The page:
Jamaica could seek status under the Heavily Indebted Poor Country Initiative as a country facing an unsustainable debt burden. This alone could lead to debt forgiveness and reduce debt servicing by 30 per cent. However, there is no certainty of this and this could take time. Jamaica needs certainty and does not have time.

To get more time, a partnership of parties, private sector, unions and social sector, should agree to an arbiter (under the auspices of the UN) for debt restructuring. The arbiter would act on behalf of debtor and creditors. Randall Dodd believes that during the negotiations the debtor should be protected from claims by creditors, and the country would not have to default.

Finance Minister Audley Shaw and Keith Duncan


Very importantly, he believes the debtor country should receive resources from the IMF to meet its debt service obligations, and to limit economic dislocation. Dodd believes that aspects of US Chapter 9 law on bankruptcy could be applied, "To protect the human rights of the nation's citizens by preventing the debtor country from raising debt payment revenue by destroying basic social services and it would require that funds for a sustainable economic recovery be set aside".

A plan arising from the broad partnership would not have to be a structural adjustment plan even if it does meet concerns of the IMF and World Bank, which realistically it would have to. Taxpayers and government employees would even have an opportunity to comment on the plan.

I believe there can be enough creativity and flexibility on the part of Jamaica and its creditors to find an alternative to both default and an IMF structural adjustment programme. I have never accepted that there is no alternative to the IMF. What stands in our way are the rigidities of political positions, the special interests of private business, and the dogma of the IMF.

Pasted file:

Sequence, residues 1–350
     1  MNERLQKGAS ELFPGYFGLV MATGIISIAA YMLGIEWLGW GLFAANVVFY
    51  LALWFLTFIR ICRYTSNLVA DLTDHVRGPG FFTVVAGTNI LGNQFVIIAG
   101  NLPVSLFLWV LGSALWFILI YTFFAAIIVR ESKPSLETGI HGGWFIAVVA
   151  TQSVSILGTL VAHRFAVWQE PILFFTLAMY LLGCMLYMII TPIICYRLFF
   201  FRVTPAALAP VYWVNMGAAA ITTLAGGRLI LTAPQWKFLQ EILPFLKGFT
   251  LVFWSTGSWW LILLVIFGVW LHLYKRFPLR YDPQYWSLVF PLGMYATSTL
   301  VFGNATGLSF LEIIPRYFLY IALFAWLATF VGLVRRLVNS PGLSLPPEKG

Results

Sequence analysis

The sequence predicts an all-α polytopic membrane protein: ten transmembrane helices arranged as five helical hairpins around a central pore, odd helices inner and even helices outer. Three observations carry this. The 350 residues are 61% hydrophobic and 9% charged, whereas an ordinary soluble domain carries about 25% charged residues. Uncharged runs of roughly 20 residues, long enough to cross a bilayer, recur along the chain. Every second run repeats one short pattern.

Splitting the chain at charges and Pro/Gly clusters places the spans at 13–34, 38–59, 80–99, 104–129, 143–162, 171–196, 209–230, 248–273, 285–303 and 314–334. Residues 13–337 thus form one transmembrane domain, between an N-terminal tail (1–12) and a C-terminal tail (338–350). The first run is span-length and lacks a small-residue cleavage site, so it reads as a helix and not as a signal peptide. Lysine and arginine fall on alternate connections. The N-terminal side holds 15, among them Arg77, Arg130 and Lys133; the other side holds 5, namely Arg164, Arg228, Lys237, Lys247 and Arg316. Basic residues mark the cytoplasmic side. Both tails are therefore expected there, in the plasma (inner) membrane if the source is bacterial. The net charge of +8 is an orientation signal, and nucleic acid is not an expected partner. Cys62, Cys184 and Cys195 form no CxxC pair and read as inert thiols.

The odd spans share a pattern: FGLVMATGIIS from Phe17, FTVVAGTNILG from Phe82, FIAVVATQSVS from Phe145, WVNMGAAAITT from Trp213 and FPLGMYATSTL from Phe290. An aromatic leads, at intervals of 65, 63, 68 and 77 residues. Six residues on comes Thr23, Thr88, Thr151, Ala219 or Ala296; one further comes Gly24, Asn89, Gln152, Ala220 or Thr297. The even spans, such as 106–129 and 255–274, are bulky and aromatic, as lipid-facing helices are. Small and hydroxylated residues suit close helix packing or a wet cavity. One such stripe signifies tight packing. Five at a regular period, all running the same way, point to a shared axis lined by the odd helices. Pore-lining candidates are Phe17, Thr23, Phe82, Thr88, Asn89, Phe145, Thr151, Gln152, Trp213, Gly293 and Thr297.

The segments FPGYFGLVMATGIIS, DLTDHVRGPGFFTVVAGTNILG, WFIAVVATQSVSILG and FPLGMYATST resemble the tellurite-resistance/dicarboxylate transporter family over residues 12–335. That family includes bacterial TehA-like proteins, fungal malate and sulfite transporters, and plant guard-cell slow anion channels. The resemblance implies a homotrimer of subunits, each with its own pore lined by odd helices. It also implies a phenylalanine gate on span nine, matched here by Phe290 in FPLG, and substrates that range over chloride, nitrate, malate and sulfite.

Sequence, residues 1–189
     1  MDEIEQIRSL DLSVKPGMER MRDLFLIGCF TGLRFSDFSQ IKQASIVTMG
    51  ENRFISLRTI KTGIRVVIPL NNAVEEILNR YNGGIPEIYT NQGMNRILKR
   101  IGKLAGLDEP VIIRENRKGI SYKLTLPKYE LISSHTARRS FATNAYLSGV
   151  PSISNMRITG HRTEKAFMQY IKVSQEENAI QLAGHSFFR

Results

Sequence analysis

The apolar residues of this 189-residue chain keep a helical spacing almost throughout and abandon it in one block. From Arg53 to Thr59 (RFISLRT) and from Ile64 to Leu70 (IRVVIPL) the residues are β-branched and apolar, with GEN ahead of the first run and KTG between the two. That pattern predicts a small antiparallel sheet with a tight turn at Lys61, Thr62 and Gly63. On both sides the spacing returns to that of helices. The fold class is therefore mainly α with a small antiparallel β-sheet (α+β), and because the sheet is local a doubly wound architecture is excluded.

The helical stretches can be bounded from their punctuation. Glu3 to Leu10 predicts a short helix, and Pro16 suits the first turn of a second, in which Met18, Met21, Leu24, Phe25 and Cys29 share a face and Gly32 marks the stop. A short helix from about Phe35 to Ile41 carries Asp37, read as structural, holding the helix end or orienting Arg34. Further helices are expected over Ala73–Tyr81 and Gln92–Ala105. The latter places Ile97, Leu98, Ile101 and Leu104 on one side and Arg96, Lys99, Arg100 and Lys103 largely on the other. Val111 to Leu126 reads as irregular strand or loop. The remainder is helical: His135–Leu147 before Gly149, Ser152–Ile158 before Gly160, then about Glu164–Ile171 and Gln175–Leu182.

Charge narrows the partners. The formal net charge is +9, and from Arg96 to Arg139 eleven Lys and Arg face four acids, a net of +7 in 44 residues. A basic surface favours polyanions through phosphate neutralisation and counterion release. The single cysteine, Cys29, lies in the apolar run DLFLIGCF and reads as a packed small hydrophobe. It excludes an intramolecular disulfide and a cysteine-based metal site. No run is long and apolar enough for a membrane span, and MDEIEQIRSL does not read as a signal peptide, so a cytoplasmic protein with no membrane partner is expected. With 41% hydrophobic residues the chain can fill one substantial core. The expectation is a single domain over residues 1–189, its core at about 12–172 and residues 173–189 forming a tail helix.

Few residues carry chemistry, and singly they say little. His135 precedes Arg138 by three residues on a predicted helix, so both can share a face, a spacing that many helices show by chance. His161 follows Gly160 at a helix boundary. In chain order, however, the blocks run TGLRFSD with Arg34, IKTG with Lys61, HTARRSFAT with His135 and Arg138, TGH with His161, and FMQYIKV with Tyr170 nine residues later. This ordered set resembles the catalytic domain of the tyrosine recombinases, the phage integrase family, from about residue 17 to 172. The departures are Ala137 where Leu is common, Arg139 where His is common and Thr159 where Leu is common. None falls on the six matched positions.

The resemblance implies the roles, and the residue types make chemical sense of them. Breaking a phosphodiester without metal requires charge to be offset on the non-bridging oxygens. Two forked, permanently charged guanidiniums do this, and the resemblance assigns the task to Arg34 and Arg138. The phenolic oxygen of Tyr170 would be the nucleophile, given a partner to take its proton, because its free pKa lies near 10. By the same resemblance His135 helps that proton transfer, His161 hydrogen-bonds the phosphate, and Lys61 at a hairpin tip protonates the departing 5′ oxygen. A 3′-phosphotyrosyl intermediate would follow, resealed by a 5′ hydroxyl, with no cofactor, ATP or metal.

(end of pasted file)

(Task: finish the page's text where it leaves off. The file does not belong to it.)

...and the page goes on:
The political parties, private sector, and citizens would have to agree to share burdens, make sacrifices, and prioritise resources for production, security and basic social services rather than for political gamesmanship, or class luxuries. The plan should ensure that waste, corruption and cost overruns are strictly contained and taxes, fees and fines are paid up.


Prime Minister Golding did not give the country any future direction in his address last week. It might be that he cannot find a way through the many conflicting interests involved in the politics of his government and the economics of the country. He has made things worse by giving the private sector special access, appointing Christopher Zacca as 'special advisor', while freezing labour unions out.

The question we now face has gone beyond whether the IMF has changed or not. The fate awaiting us is looming larger and larger with each day that we remain immobile, tardy and without direction. If Barclay's is correct then we have already passed that critical point. All we have is a promise to cut the size of the executive sometime in the future and Zacca's appointment is already undermining that promise.

At the annual meeting of the World Bank and IMF last week, Audley Shaw asked both organisations to help Jamaica to find 'innovative ways' to help it out of its crisis of indebtedness. Fine, but the Government must be credible. The only credible formula is the one Portia Simpson Miller offered in her Budget presentation in April, "let us in this House all set aside the differences that separate us and focus on the bonds that unite us".

Robert Buddan lectures in the Department of Government, UWI, Mona. Email: